The Fruited Plain

Two years ago I hired a Health Coach to help me design a better eating plan.

Goodbye, granola mush morning breakfast. Hello, scrambled eggs with shitake mushrooms.

This was in 2019. Since then I had regained my energy through fall 2020.

Stress lack of sleep and depression can cause fatigue.

“Sugar can exacerbate anxiety and depression,” Devorah the Health Coach told me.

Fruit grains and beans break down into sugar.

Devorah told me I could have 1 to 2 small pieces of fruit a day.

I add organic raspberries to my salad for lunch. Mix in organic blueberries with whole-fat plain Greek yogurt after I exercise.

For breakfast I have an organic navel orange. That’s all in terms of fruit.

Yes–sugar is the culprit in ill health more than any other substance is.

A lot of us had become depressed while sheltering indoors during the pandemic. Not only this a person can be depressed because they’re under stress.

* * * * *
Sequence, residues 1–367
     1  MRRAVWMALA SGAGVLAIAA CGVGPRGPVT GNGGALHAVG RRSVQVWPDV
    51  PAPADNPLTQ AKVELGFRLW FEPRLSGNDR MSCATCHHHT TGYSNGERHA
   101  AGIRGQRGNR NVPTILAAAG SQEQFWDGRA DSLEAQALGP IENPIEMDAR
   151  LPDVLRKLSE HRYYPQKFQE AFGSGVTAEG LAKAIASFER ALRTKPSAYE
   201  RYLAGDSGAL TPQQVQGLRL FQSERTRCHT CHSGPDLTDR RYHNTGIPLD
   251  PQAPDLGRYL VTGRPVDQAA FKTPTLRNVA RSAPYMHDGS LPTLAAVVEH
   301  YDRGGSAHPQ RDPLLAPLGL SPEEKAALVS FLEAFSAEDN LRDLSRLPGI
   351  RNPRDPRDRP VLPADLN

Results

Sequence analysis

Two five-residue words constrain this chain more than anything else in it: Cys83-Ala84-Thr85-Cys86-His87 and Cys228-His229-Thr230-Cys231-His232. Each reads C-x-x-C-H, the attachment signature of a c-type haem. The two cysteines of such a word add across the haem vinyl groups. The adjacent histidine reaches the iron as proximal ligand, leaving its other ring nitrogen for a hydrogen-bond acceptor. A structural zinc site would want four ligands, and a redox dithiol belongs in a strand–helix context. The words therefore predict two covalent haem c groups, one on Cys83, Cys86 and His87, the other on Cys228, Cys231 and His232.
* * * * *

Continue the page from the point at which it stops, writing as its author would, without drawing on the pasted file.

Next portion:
Whatever the root of what you’re going through as I’ve written in here before healthful food can improve a person’s mood.

How am I climbing my way out of the recent fatigue I’ve experienced?

First I have started to focus on living for today. Not worrying about what might happen in the future.

Hiring Devorah was the strategy that helped me start to regain my energy.

Though I paid her you will get her action plan for free courtesy of what I’ll be covering in the coming blog entries.

Upcoming Blog Topics

In the coming blog entries I’m going to talk about how to manage anxiety, fatigue, and depression that is caused by a poor diet.

Should you need to take a happy pill that is okay too.

I talked with the health coach Devorah that I had first hired in 2019 two years ago.

She gave me ideas about how to get my energy back.